Neverwinter Nights (NWN) is a 2002 PC role-playing game (RPG) developed by Bioware as the follow-up to their classic Baldur’s Gate II: Shadows of Amn, which is regarded as one of the greatest games ever made.
NWN was both a commercial and critical success, spawning two large expansions and a later series of ‘premium modules’ that offered even more gameplay at a bargain price. On top of this, NWN offered incredibly rich tools for developing persistent worlds for story-based multiplayer experiences that are still active more than fifteen years later.
Earlier this year Beamdog released the PC and Mac versions of Neverwinter Nights: Enhanced Edition, continuing the series that includes both Baldur’s Gate games, Icewind Dale and Planescape Torment. All of those games have gotten iOS and Android mobile ports, so it was hoped the same would happen for NWN. And a couple of weeks ago Beamdog sent out an email that they had released a ‘beta’ on the Google Play store. This allowed you to pay $9.99 to get in on the game while it was still in pre-release testing. I wanted to wait to report on it until I had the chance to play a decent chunk of the game, and will include my impressions after the news.
Neverwinter Nights: Expanded Edition has now been officially released to the public.
Here is what Beamdog have to say:
Neverwinter Nights: Enhanced Edition is now available on Android! Experience all the playable content of Neverwinter Nights: Enhanced Edition like never before!
• 100+ hours of content
• Cross platform play
• Play on community created worlds
• Works with community created content
• New mobile-specific UI
• All the playable content of Neverwinter Nights: Enhanced Edition.
o Kingmaker, ShadowGuard, and Witch’s Wake will be made available as free downloads for NWN:EE owners at launch.
• Mobile Play: A new virtual joystick and context sensitive button makes gameplay easy.
• Improved Display: Featuring a new re-engineered UI for tablet and phone play. Portrait, combat bar, inventory, and other UI elements adjust in size based on device resolution and can be scaled to your liking.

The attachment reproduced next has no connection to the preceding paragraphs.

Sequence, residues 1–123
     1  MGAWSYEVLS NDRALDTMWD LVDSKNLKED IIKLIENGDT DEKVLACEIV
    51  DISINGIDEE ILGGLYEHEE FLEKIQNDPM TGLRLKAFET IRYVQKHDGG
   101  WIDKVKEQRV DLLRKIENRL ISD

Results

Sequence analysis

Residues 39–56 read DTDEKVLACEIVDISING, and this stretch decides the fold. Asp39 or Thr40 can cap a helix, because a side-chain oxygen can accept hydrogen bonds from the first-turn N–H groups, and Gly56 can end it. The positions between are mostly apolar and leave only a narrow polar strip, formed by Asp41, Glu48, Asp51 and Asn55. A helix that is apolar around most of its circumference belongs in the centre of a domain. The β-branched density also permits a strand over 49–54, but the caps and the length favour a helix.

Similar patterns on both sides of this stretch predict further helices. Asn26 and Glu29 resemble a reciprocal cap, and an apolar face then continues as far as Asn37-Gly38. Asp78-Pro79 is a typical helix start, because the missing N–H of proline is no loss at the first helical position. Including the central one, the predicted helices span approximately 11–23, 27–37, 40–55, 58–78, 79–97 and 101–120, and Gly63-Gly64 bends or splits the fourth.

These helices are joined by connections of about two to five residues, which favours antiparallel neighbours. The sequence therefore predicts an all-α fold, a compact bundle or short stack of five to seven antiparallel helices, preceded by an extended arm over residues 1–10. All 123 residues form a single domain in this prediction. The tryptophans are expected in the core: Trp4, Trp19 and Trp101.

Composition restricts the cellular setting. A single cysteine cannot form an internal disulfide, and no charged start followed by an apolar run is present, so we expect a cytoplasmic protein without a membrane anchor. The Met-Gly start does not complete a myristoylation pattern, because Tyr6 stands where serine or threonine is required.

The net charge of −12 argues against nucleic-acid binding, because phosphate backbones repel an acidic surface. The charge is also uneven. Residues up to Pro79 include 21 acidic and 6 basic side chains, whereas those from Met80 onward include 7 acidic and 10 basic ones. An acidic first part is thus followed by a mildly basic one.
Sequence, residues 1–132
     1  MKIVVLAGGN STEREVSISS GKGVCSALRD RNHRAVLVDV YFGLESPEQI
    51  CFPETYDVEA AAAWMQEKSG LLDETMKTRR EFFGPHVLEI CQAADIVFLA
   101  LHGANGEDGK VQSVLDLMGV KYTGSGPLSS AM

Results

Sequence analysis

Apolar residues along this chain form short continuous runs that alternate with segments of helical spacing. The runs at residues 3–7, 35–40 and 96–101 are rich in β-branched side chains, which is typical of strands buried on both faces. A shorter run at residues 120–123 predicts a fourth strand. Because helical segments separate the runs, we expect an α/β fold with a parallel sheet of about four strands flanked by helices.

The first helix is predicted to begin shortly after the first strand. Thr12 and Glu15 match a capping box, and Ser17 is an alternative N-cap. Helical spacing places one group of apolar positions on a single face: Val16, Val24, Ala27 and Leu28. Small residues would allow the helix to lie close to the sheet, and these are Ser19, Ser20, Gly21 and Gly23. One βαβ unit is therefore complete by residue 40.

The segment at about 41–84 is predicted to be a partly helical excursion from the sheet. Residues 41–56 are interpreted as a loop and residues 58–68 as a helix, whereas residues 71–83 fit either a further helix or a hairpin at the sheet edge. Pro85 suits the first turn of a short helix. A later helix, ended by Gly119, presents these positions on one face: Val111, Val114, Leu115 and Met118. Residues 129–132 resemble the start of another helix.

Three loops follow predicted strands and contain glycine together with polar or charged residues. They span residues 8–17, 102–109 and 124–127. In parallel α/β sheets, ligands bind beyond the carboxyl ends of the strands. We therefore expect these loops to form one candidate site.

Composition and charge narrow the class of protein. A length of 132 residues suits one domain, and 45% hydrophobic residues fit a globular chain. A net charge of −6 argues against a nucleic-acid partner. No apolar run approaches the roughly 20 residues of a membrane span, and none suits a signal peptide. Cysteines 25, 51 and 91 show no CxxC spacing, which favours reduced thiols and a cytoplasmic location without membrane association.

• Backwards Compatibility: Works with save games, modules, and mods from the original Neverwinter Nights.
It’s time to take this classic Dungeons & Dragons game with you on the go. Grab it on Google Play today!
I am playing NWN:EE on the recently released Samsung Galaxy Tab S4, which is the current ‘Android tablet flagship’ in terms of specs and performance.
At this point I am just about to complete Chapter 1 of the ‘Original Campaign’ – so really these are more than just ‘first impressions’, as Chapter 1 usually takes me about 20-30 hours to complete, as I tend to be a completist and do all the side-quests, henchman quests, and other optional areas. So instead this is more of a ‘review based on ~30 hours of gameplay’.
So far everything that I have tried has worked perfectly – Neverwinter Nights features a decent sized tutorial area followed by a large first chapter that really has it all: a central hub with key quest-giver, multiple areas to explore featuring a variety of enemies and challenging battles, great loot to discover that will make you more powerful, a diverse cast of characters and henchmen with fully drawn personalities and motivations, and the ability to develop a rich character based on the Dungeons and Dragons universe.
I also took some time to start new games in the two main expansion packs – Shadows of Undrentide and Hordes of the Underdark. Hordes is perhaps my favorite module, you start out as a powerful character and quickly advance into the higher epic levels – allowing for the first time to truly wield the power promised by D&D. Both of these expansions performed well, and I am excited to revisit those once I complete the main game.
There are also other modules that are available for download or purchase, rounding out most of the ‘Premium Module’ program, and all at a reasonable cost (or free!).
The reality is that a game designed for the PC will never play better on anything else. That is true here – but I was impressed at how playable the game was on the tablet.